He built . . . a coalition of the aggrieved—of men and women not deranged but affronted by various tendencies over the previous two or three decades . . .
That’s political reporter Richard Rovere in his 1958 classic, “Senator Joe McCarthy.” I hate to draw an analogy between McCarthy and Donald Trump because it seems so obvious . . . but I happened to be reading Rovere’s book and came across so many passages that reminded me of Trump, I had to share.
Here are a few:
He was a fertile innovator, a first-rate organizer and galvanizer of mobs, a skilled manipulator of public opinion, and something like a genius at that essential American strategy: publicity.
Intimations, allegations, accusations of treason were the meat upon which this Caesar fed. He could never swear off.
The Gallup Poll once tested his strength in various occupational groups and found that he had more admirers among manual workers than in any other category—and fewest among business and professional people.
Because McCarthyism had no real grit and substance as a doctrine and no organization, it is difficult to deal with as a movement. Adherence was of many different sorts. There were those who accepted McCarthy’s leadership and would have been happy to see him President. There were others who were indifferent to his person but receptive to what he had to say about government. There were others still who put no particular stock in what he had to say and even believed it largely nonsense but felt that he was valuable anyway.
McCarthy drew into his following most of the zanies and zombies and compulsive haters who had followed earlier and lesser demagogues in the fascist and semifascist movements of the thirties and forties. . . . But this was really the least part of it. McCarthy went far beyond the world of the daft and the frenzied—or, to put the matter another way, that world was greatly enlarged while he was about.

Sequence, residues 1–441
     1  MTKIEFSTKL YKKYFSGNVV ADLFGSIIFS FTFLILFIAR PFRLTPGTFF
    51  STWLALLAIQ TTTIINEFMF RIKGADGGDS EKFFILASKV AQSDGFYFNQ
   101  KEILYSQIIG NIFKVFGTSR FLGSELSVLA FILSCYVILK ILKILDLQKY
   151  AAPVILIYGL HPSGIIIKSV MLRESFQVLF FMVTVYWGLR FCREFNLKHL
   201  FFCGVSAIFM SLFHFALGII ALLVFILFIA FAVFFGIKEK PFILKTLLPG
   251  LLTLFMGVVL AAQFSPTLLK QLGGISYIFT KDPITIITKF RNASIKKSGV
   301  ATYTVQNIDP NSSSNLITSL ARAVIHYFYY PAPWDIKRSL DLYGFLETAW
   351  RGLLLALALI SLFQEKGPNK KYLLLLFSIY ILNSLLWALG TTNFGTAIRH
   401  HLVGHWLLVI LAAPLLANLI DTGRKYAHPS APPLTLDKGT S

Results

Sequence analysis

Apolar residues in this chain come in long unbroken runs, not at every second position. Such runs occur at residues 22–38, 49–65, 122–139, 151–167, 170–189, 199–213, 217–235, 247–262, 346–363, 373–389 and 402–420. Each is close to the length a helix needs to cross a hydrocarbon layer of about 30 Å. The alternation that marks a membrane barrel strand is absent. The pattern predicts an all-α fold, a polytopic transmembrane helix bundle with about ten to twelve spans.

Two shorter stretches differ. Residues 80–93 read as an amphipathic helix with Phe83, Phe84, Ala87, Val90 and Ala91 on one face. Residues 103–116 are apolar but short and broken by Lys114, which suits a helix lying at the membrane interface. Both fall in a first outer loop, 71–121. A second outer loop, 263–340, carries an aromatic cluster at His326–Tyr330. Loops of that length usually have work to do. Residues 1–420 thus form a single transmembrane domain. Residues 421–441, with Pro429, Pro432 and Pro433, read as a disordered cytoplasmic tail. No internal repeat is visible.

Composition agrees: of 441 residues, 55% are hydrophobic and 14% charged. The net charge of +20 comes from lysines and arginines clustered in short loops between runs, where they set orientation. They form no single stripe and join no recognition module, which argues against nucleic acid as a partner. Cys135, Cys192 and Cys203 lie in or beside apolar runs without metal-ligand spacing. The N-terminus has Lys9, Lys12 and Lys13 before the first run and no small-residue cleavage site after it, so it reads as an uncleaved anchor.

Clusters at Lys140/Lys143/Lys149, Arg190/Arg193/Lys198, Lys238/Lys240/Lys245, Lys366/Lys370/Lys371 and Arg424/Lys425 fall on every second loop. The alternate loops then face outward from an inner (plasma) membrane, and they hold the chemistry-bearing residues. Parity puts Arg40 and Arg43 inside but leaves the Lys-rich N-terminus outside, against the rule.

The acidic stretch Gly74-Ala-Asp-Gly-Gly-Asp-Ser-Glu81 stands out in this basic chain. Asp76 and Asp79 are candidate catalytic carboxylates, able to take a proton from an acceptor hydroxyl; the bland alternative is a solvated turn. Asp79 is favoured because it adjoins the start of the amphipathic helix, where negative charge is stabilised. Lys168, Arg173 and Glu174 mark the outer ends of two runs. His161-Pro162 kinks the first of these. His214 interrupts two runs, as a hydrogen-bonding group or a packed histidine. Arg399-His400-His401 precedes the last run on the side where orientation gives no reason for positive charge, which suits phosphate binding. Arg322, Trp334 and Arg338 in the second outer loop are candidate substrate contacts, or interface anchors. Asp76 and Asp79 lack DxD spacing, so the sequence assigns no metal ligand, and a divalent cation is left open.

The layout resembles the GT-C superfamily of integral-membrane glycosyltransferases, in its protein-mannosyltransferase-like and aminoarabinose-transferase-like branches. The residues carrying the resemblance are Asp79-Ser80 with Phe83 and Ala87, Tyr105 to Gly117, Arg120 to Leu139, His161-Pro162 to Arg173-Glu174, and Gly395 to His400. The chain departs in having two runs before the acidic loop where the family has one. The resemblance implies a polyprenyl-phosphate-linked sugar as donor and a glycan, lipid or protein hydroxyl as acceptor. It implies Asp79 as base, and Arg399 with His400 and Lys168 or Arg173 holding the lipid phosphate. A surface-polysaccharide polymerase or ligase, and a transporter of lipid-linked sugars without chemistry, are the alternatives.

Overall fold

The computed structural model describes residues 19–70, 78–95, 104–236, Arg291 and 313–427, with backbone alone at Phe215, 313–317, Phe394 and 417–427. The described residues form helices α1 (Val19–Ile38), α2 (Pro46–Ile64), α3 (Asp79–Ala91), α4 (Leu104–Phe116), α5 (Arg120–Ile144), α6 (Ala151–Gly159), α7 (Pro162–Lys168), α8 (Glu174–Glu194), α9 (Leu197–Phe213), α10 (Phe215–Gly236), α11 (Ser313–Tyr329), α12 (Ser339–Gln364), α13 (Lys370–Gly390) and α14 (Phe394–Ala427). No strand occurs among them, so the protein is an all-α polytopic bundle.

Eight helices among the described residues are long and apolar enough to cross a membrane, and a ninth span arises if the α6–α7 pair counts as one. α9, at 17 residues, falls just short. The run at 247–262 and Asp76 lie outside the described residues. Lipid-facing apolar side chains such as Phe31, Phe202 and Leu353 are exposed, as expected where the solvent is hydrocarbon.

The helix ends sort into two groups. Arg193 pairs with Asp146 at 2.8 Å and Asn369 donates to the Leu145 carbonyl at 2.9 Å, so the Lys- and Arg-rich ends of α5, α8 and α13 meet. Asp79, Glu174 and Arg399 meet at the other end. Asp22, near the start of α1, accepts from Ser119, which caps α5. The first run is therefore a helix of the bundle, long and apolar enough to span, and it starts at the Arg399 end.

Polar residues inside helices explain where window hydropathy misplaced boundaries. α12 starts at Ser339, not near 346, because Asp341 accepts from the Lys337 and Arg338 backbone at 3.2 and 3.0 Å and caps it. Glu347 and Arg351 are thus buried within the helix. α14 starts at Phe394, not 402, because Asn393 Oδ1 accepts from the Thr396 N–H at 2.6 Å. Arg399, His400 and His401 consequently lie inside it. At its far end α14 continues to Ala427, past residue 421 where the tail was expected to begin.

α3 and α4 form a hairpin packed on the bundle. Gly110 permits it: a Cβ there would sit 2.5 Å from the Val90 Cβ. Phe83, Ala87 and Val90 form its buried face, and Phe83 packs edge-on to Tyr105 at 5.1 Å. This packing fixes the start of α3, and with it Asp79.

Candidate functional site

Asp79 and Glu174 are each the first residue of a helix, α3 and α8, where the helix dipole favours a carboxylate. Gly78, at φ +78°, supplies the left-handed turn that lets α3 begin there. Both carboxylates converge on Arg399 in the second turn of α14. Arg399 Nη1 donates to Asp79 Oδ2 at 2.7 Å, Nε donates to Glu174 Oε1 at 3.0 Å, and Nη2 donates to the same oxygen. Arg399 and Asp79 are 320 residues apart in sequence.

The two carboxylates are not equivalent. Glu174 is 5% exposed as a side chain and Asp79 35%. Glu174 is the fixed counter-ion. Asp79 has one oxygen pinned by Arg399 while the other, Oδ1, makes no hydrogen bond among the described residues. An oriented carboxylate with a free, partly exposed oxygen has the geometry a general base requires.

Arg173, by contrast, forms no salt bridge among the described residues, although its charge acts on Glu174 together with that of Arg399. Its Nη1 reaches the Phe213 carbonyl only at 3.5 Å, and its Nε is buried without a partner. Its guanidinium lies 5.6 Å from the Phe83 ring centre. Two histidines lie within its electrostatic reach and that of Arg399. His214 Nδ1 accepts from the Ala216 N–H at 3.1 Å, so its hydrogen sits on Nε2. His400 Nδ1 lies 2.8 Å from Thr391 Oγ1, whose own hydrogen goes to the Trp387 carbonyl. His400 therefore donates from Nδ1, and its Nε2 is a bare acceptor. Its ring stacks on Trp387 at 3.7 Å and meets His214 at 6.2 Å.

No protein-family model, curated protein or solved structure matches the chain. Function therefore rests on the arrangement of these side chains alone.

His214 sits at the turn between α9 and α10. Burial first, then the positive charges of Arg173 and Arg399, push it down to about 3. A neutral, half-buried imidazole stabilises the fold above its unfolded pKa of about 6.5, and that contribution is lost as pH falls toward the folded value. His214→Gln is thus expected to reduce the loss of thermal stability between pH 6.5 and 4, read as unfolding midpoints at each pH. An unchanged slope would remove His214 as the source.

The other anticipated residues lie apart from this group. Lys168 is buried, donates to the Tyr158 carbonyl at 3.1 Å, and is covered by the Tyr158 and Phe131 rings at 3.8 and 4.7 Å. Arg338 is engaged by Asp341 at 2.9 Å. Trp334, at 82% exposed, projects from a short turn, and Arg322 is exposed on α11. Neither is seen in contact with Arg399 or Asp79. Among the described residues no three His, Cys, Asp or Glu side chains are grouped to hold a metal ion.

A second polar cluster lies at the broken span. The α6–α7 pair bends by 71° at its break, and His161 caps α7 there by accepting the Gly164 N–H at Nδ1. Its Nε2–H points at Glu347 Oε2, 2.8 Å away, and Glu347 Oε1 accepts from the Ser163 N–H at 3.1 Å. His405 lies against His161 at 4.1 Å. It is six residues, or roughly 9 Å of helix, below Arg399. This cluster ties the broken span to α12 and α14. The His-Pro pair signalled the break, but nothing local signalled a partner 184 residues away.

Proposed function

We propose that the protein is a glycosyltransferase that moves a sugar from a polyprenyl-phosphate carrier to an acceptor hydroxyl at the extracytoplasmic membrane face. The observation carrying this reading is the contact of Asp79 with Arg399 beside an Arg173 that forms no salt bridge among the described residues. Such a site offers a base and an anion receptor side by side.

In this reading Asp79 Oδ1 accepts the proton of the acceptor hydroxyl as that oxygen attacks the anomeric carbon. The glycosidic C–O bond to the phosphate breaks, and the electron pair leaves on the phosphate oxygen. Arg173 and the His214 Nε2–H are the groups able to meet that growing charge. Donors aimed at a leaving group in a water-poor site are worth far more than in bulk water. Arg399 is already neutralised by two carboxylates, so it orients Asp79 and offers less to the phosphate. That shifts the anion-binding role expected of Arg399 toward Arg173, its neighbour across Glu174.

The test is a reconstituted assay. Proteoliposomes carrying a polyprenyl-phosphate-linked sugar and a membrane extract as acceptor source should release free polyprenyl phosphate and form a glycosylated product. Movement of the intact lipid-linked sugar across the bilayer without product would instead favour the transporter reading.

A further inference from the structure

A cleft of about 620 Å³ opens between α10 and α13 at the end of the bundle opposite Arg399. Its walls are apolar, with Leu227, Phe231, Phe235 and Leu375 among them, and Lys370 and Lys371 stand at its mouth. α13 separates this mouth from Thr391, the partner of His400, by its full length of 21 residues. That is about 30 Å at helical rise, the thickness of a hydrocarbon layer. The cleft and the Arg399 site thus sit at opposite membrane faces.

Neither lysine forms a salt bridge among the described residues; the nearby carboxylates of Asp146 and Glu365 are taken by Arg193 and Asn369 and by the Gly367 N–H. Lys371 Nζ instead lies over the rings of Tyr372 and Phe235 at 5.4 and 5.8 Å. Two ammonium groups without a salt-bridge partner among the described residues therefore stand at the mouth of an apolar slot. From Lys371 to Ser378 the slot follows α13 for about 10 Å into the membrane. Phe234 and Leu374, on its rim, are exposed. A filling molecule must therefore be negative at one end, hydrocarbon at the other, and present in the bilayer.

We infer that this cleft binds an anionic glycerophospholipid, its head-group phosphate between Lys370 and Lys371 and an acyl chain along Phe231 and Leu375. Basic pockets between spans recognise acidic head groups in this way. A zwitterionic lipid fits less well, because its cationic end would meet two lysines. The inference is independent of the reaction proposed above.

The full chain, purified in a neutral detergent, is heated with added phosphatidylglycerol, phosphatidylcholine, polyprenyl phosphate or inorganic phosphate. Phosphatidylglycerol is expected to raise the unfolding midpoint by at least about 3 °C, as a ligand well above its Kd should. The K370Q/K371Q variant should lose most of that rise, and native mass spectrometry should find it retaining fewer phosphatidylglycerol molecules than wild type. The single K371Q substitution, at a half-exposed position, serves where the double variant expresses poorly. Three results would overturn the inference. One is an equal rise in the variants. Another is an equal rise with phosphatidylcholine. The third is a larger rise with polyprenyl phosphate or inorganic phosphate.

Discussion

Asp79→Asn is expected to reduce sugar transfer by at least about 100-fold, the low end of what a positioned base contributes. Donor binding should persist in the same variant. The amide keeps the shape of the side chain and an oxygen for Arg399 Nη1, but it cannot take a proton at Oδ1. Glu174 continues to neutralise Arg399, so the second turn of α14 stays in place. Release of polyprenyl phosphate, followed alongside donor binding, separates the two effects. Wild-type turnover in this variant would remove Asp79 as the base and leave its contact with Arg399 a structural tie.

In his following, there were many people who counted for quite a bit in American life—some because of wealth and power, some because of intelligence and political sophistication. He was an immediate hit among the Texas oilmen, many of whom were figures as bizarre and adventurous in the world of commerce and finance as he was in the world of finance. . . . And there were intellectuals and intellectuals manque whose notions of Realpolitik had room for just such a man of action as McCarthy.
L’etat, c’est moi, legibus solutus, and I Am the Law. He and the country were one and the same, synonymous and interchangeable.
We see echoes of this, not merely in Trump’s own statements, but from his supporters. For example, this from Scott Adams (sorry!): “Trump supporters don’t have any bad feelings about patriotic Americans such as myself,” which works pretty well if by “patriotic Americans” you exclude various patriotic Americans such as Barack Obama, Hillary Clinton, Gonzalo Curiel, and various news reporters.
Back to Rovere:
It was a striking feature of McCarthy’s victories, of the surrenders he collected, that they were mostly won in battels over matters of an almost comic insignificance. His causes celebres were causes ridicules. . . .
Yet the antic features of McCarthyism were essential ones. For McCarthyism was, among other things, but perhaps foremost among them, a headlong flight from reality. It elevated the ridiculous and ridiculed the important. It outraged common sense and held common sense to be outrageous. It confused the categories of form and value. It made sages of screwballs and accused wise men of being fools. It diverted attention from the moment and fixed it on the past, which it distorted almost beyond recognition.
On the ravages of demagogy and its flight from reality, Thucydides wrote: